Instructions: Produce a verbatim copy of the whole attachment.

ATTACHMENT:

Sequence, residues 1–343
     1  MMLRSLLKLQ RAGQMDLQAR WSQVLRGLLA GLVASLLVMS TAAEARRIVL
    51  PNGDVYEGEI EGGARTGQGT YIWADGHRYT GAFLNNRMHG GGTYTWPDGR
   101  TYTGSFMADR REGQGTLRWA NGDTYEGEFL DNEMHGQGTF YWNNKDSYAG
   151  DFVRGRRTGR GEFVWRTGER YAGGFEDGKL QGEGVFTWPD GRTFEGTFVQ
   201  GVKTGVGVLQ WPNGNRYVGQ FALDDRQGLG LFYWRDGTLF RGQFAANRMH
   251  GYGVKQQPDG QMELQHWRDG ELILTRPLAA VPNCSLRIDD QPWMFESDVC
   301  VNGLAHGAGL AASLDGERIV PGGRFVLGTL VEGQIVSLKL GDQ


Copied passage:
Sequence, residues 1–343
     1  MMLRSLLKLQ RAGQMDLQAR WSQVLRGLLA GLVASLLVMS TAAEARRIVL
    51  PNGDVYEGEI EGGARTGQGT YIWADGHRYT GAFLNNRMHG GGTYTWPDGR
   101  TYTGSFMADR REGQGTLRWA NGDTYEGEFL DNEMHGQGTF YWNNKDSYAG
   151  DFVRGRRTGR GEFVWRTGER YAGGFEDGKL QGEGVFTWPD GRTFEGTFVQ
   201  GVKTGVGVLQ WPNGNRYVGQ FALDDRQGLG LFYWRDGTLF RGQFAANRMH
   251  GYGVKQQPDG QMELQHWRDG ELILTRPLAA VPNCSLRIDD QPWMFESDVC
   301  VNGLAHGAGL AASLDGERIV PGGRFVLGTL VEGQIVSLKL GDQ